These women who downplayed their femininity in their cover letters were also rated as “significantly less likable” by the evaluators. Indeed, likeability may be the quality upon which hiring turns: “Being seen as less likeable will lead women to experience less favorable hiring outcomes.”
Why Female Job Seekers Get Backlash for Wording in Cover Letters
Why does this reduction in liking — otherwise known as backlash — occur? The authors propose that “strong prescriptive behavioral norms make gender a unique social identity.” In other words, strong societal expectations exist about how women and men are expected to self-present (i.e., women as more feminine), and women’s attempts to downplay femininity violate those gender “rules” and incur lower liking.
He and Kang conclude that women who attempt to manage gender when applying for male-dominated jobs may actually harm their chances of success instead of improving them. “Existing gender segregation in the labor market forces women to cope by downplaying femininity in their cover letters, which ironically incurs backlash,” they write. This, the authors propose, is the novel manner in which occupational segregation is propagated. “In other words, women are forced by the system to cope in ineffective ways,” they write.
This research shows that asking women to navigate biases in the labor market can be ineffective and unfair. Rather than asking minorities and women to cope with and navigate this complicated system, He and Kang argue that the system itself needs fixing and bias should be rooted out at the system level. This means that organizations need to step up and examine ways that they reduce gender bias in their selection processes, which is ultimately the root of the problem. Whether it be anonymized evaluation or testing out and innovating other ways to remove bias in key decision points (i.e., selection), it is time for organizations to take a more proactive role and do their part in rectifying gender inequality.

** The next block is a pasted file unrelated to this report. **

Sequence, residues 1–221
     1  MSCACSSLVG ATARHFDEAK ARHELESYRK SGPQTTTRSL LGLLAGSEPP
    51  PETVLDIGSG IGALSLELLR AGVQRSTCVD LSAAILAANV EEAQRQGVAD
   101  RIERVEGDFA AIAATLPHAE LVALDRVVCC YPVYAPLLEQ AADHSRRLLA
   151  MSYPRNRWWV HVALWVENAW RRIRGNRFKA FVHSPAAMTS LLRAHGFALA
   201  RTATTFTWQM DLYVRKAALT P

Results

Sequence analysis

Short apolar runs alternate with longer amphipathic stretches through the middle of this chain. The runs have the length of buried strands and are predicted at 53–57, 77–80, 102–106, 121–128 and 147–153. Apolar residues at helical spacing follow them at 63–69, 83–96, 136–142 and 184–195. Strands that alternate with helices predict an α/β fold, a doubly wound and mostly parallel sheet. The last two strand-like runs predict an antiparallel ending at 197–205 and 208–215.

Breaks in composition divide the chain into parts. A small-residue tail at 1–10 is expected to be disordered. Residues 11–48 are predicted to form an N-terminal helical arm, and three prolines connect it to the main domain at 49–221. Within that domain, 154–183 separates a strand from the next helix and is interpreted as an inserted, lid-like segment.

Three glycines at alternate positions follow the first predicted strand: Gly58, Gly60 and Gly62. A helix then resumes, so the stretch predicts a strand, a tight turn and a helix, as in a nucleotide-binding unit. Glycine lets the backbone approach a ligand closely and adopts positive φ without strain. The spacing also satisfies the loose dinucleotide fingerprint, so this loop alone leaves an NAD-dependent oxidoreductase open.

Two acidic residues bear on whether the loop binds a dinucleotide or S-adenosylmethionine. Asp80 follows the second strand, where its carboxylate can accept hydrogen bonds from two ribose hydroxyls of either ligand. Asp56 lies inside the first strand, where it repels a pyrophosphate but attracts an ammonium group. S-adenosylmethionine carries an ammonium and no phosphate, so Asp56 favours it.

Joyce C. He
Assistant Professor of Management and Organizations
About the Research
He, J. C. & Kang, S. K. (2021). Covering in cover letters: Gender and self-presentation in job applications. Academy of Management Journal, 64(4), 1097-1126. https://doi.org/10.5465/amj.2018.1280